As for TINY TIM, there is a certain passage in the book regarding that young gentleman, about which a man should hardly venture to speak in print or in public, any more than he would of any other affections of his private heart. There is not a reader in England but that little creature will be a bond of union between the author and him; and he will say of Charles Dickens, as the woman just now, “GOD BLESS HIM!” What a feeling is this for a writer to be able to inspire, and what a reward to reap.
M. A. T.
[From Fraser’s Magazine, October, 1853]
Poems, by ALEXANDER SMITH. London, Bogue. 1853
On reading this little book, and considering all the exaggerated praise and exaggerated blame which have been lavished on it, we could not help falling into many thoughts about the history of English poetry for the last forty years, and about its future destiny. Great poets, even true poets, are becoming more and more rare among us. There are those even who say that we have none; an assertion which, as long as Mr. Tennyson lives, we shall take the liberty of denying. But, were he, which Heaven forbid, taken from us, whom have we to succeed him? And he, too, is rather a poet of the sunset than of the dawn—of the autumn than of the spring. His gorgeousness is that of the solemn and fading year; not of its youth, full of hope, freshness, gay and unconscious life. Like some stately hollyhock or dahlia of this month’s gardens, he endures while all other flowers are dying; but all around is winter—a mild one, perhaps, wherein a few annuals or pretty field weeds still linger on; but, like all mild winters, especially prolific in fungi, which, too, are not without their gaudiness, even their beauty, although bred only from the decay of higher organisms, the plagiarists of the vegetable world....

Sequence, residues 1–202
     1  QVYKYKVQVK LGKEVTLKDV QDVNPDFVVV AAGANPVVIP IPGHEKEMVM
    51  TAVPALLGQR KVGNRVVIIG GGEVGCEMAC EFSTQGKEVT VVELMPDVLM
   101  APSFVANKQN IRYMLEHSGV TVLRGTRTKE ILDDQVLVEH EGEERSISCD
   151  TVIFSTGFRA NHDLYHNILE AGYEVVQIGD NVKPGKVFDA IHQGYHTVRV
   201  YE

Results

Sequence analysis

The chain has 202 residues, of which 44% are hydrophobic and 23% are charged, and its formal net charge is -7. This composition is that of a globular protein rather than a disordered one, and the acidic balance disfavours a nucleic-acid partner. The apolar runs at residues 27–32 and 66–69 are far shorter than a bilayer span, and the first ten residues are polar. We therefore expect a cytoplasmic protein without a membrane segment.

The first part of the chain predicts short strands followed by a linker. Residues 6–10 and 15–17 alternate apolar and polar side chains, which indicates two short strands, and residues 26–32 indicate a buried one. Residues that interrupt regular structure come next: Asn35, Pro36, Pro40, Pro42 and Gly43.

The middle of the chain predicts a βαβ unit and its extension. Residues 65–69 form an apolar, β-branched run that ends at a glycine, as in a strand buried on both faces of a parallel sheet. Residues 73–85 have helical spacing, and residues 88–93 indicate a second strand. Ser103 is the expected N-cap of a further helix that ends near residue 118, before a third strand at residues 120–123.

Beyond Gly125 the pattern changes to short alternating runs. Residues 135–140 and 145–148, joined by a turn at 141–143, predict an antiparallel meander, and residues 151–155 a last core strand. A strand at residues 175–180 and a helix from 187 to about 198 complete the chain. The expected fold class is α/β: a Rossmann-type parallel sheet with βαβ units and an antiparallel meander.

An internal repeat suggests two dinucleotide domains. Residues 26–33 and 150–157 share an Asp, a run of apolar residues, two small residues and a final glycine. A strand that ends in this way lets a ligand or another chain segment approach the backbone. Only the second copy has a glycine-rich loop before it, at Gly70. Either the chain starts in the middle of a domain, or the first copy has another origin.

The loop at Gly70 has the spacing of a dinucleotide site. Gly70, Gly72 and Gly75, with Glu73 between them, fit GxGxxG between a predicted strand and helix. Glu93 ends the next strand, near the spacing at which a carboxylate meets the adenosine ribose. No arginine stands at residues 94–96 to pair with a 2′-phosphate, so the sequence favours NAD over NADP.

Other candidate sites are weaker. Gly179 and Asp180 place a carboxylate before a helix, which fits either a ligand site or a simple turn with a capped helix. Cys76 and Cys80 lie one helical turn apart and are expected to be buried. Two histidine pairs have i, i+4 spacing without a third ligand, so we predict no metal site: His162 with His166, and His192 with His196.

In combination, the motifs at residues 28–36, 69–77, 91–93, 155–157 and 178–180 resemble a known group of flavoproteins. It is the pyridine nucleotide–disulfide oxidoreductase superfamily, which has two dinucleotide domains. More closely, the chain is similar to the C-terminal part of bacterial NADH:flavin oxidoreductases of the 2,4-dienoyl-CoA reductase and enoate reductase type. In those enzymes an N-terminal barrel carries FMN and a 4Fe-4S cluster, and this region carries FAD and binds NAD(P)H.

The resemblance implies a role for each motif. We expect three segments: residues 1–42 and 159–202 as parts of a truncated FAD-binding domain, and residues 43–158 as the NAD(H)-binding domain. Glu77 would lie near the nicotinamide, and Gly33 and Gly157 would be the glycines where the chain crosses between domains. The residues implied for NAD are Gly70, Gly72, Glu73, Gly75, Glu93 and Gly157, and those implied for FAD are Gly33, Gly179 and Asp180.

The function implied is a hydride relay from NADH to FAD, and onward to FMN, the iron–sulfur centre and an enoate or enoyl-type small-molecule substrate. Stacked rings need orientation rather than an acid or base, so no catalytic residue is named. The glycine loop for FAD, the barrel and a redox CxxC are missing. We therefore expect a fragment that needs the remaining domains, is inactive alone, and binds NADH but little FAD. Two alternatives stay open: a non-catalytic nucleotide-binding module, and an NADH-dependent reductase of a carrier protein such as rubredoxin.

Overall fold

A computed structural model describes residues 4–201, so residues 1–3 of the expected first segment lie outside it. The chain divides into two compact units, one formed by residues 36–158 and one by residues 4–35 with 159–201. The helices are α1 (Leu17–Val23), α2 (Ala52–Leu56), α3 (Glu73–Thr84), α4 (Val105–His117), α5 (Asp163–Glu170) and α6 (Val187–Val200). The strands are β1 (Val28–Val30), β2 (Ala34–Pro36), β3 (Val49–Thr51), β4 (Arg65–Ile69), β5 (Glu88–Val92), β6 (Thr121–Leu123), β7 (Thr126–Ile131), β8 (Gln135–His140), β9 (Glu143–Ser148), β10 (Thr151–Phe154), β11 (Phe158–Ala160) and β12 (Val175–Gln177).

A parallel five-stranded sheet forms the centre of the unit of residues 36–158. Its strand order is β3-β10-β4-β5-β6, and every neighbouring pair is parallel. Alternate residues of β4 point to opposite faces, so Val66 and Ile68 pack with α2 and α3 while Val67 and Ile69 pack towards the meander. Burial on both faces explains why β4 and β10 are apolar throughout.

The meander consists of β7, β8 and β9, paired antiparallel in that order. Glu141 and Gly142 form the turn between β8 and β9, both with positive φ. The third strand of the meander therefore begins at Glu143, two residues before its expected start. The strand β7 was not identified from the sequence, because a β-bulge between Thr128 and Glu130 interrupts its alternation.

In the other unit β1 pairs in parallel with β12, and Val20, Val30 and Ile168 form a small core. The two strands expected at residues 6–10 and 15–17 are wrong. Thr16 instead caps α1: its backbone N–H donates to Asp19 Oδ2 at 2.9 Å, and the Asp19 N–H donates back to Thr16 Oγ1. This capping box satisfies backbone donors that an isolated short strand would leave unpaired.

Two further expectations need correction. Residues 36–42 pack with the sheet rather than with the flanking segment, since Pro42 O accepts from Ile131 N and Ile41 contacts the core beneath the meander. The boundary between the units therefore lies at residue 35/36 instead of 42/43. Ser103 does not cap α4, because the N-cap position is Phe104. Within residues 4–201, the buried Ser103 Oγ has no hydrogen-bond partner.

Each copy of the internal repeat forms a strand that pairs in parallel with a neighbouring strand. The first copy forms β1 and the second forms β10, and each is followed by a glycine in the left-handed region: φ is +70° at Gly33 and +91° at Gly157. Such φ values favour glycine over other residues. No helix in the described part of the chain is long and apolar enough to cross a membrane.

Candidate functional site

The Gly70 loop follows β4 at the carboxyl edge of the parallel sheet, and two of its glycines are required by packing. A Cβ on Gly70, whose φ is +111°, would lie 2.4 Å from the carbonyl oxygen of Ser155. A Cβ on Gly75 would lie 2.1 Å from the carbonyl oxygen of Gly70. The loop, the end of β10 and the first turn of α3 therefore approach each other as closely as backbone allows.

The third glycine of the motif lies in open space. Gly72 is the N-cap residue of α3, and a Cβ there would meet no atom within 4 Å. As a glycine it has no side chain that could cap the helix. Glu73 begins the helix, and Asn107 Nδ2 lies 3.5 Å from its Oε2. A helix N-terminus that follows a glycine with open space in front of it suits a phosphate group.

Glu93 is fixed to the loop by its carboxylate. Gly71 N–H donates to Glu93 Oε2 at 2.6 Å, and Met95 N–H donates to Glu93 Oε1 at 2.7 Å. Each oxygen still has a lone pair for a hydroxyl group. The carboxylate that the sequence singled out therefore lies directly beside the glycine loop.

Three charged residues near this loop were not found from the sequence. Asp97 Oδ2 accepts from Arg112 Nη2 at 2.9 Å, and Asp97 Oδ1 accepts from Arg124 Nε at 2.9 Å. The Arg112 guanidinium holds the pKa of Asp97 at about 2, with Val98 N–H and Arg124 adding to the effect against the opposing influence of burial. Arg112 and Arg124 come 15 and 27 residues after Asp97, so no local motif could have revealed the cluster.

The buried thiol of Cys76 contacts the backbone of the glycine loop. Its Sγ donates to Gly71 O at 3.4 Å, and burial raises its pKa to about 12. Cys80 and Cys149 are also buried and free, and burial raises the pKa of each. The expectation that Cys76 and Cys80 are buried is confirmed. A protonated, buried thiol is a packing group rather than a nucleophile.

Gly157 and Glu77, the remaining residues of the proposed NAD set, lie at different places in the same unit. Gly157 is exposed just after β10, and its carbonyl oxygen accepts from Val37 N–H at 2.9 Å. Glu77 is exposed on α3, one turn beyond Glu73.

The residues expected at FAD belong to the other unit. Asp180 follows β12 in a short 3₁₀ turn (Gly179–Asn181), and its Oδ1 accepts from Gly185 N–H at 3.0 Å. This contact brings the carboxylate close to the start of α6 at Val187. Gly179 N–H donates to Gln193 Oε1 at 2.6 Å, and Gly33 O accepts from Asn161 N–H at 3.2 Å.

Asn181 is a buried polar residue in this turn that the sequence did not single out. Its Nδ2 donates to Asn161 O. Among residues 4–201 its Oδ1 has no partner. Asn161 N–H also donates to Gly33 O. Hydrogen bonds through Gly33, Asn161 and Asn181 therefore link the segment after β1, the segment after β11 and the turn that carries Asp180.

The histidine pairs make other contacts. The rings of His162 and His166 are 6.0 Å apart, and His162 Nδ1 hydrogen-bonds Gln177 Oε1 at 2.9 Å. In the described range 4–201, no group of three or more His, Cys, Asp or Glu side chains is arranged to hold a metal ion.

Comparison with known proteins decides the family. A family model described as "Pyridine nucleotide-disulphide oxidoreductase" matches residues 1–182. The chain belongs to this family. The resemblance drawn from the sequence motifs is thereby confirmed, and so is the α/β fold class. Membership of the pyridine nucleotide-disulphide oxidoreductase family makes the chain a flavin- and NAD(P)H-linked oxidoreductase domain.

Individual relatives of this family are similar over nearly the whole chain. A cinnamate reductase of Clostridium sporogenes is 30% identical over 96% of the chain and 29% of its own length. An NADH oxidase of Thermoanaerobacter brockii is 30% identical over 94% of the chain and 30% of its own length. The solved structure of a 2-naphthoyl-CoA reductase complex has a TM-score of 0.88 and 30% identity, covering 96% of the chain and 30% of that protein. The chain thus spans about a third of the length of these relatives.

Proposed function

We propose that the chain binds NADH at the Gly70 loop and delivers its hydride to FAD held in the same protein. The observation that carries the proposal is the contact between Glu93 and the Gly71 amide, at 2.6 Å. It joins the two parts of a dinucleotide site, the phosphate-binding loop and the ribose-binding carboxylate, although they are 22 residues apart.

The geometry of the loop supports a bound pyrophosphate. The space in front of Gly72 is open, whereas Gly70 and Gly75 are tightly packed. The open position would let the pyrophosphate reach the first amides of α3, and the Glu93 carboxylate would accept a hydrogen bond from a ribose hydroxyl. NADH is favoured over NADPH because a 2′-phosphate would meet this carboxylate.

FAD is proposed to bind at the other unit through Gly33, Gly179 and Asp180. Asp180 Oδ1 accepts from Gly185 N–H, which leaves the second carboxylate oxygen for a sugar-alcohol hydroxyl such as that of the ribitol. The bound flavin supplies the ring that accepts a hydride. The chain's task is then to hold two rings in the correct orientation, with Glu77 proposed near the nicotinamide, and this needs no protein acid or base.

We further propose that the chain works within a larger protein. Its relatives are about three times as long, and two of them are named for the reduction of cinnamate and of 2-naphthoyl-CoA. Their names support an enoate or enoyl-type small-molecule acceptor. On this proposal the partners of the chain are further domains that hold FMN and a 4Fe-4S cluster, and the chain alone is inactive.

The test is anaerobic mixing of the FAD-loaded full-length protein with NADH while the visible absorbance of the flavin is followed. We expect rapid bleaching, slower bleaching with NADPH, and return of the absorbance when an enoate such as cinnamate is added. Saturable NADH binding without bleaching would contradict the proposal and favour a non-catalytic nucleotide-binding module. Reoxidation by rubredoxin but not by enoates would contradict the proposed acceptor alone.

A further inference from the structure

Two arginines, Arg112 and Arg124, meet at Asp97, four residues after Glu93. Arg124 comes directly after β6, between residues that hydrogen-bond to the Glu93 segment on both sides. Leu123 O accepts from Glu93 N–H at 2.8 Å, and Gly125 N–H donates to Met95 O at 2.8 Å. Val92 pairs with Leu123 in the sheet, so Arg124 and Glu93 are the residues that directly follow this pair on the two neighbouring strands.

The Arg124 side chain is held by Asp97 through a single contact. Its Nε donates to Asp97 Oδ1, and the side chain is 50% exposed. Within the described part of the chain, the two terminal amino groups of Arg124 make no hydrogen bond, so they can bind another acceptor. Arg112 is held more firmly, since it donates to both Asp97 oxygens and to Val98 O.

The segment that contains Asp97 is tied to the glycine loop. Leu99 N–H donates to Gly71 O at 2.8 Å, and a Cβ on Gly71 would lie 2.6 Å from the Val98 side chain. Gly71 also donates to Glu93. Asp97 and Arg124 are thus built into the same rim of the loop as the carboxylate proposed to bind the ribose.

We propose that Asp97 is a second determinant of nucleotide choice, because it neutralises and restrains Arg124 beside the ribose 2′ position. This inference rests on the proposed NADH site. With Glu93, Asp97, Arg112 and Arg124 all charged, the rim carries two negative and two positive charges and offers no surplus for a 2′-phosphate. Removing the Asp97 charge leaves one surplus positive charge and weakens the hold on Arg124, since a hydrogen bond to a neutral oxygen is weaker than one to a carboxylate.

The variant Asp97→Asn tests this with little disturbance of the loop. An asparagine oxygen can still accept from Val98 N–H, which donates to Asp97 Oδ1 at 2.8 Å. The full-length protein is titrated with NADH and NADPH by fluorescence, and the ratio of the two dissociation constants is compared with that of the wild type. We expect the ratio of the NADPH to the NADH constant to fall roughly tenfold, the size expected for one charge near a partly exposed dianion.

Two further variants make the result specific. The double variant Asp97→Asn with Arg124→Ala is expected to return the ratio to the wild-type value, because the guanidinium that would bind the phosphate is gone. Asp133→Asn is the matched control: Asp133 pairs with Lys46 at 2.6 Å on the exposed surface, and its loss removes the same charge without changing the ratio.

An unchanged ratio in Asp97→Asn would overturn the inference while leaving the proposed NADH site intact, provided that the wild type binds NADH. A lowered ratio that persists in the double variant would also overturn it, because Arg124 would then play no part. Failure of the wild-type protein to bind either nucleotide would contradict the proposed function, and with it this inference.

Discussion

“What matter, after all?” one says to oneself in despair, re-echoing Mr. Carlyle. “Man was not sent into this world to write poetry. What we want is truth—what we want is activity. Of the latter we have enough in all conscience just now. Let the former need be provided for by honest and righteous history, and as for poets, let the dead bury their dead.” ... And yet, after all, man will write poetry, in spite of Mr. Carlyle: nay, beings who are not men, but mere forked radishes, will write it. Man is a poetry-writing animal. Perhaps he was meant to be one. At all events, he can no more be kept from it than from eating. It is better, with Mr. Carlyle’s leave, to believe that the existence of poetry indicates some universal human hunger, whether after “the beautiful,” or after “fame,” or after the means of paying butchers’ bills, and accepting it as a necessary evil which must be committed, to see that it be committed as well, or at least a little ill, as possible. In excuse of which we may quote Mr. Carlyle against himself, reminding him of a saying in Goethe once bepraised by him in print,—“we must take care of the beautiful for the useful will take care of itself.”